The MIC General Assembly is commended for its resolution “to enable the Indian community to move in tandem with the other races in the country towards a socio-economic equitable position”.
I am actually quite surprised by this resolution, as I have always been under the impression that the 55:45 bumiputra/non-bumiputra university quota comprised 35% for Chinese and 10% for Indians as far as the non-bumiputra apportionment is concerned. May be, the MIC President, Datuk Seri S. Samy Vellu should explain why the MIC leadership had failed to ensure that the 10% quota for Indian university student intake was strictly honoured in the past two decades.
However, the Samy Vellu is wrong when he said that the reason Indian students failed to secure places in local public universities was due to “stiff competition with Chinese students to fill the 45 per cent non-bumiputera quota”.
According to Bernama report, Samy said that “when mediocre Indian students are required to compete with the Chinese students who had obtained better results, they stand to lose out”.
Samy said: “This system is very disadvantageous to the Indian students as the Chinese students who have obtained 11As or 10As stand to gain places whereas Indian students who only obtain 7As the most, cannot compete.”
Referring to the “mediocre results” of Indian students in the Sijil Tinggi Pelajaran Malaysia (STPM), Samy said:
“We only get a handful of Malaysian Indian students getting all As … I think it was about 15 students this year. We need more students getting excellent results.”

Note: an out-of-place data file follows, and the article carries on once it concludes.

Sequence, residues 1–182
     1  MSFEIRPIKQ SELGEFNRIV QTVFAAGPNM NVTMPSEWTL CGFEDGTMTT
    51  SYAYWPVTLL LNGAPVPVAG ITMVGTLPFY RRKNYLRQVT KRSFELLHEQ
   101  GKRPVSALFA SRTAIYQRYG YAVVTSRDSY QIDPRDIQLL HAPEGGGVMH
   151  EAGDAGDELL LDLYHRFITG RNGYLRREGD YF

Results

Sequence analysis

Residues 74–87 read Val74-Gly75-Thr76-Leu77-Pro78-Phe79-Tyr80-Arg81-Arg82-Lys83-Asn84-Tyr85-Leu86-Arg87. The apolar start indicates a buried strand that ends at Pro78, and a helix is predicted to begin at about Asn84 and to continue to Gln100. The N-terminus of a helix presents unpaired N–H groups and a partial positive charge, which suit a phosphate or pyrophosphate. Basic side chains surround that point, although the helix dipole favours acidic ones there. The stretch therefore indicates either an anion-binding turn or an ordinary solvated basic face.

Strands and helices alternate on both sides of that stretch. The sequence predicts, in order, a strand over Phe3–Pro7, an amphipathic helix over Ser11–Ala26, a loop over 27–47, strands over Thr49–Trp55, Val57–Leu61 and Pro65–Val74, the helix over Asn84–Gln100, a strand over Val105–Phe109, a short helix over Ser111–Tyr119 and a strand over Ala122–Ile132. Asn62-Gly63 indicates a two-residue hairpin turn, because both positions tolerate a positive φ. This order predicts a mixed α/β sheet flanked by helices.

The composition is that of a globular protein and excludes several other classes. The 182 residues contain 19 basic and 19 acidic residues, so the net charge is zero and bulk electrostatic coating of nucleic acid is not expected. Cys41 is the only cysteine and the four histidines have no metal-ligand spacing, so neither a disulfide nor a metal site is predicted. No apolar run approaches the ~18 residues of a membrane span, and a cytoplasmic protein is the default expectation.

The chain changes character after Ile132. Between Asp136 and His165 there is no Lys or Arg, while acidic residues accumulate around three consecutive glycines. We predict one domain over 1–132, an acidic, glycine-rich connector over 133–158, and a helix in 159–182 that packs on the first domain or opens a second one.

Samy is wrong when he blamed “stiff competition” from Chinese students to fill the 45 per cent non-bumiputera quota as the cause of the shortfall of Indian students in the local public universities.
This could clearly be seen from the following statistics on the university intake for bumiputera and non-bumiputera students in the past two decades given in the first and second National Economic Consultative Council (NECC) reports:
First Degree Enrolment in Local Universities
Bumiputra Non-Bumiputra Total
(62%) (38%) (100%)
1985 23,841 13,997 37,838
(63%) (37%) (100%)
1988 30,085 19,705 49,790
(60.4%) (39.6%) (100%)
1990 35,361 18,309 53,670
(65.9%) (34.1%) (100%)
1999 97,836 42,084 139,920
(69.9%) (30.1%) (100%)
(Source: NECC I & NECC II Reports)
From these data, there is a consistent short-fall of non-bumiputera intake from the 45% university quota - i.e. 7% non-bumiputra student shortfall in 1980, 8% in 1985, 5.4% in 1988, 10.9% in 1990 and 14.9% in 1999.
If we take the case of the 1990 and 1999 university intakes, where non-bumiputra student intake was only 34.18% and 30.1% respectively, even if 100 per cent of the non-bumiputra students were Chinese (which was impossible), it would still be short of the 35% Chinese quota - which means the 10% Indian quota had not been touched at all. As for both years, there is more than 10% shortfall in non-bumiputera student intake, it is wrong for Samy to claim that Indians could not secure places in local public universities because of “stiff competition with Chinese students to fill the 45 per cent non-bumiputera quota” as more than 10% non-bumiputra quota had not been filled.
Samy Vellu should not mislead the people with wrong facts and mistaken reasons why Indians could not secure places in the local public universities.
He should explain for instance how the MIC General Assembly resolution reserving 10% places in local public institutions can resolve the problem of inadequate Indian university intake when in 1999, 14.9% of the non-bumiputra 45% quota was not filled!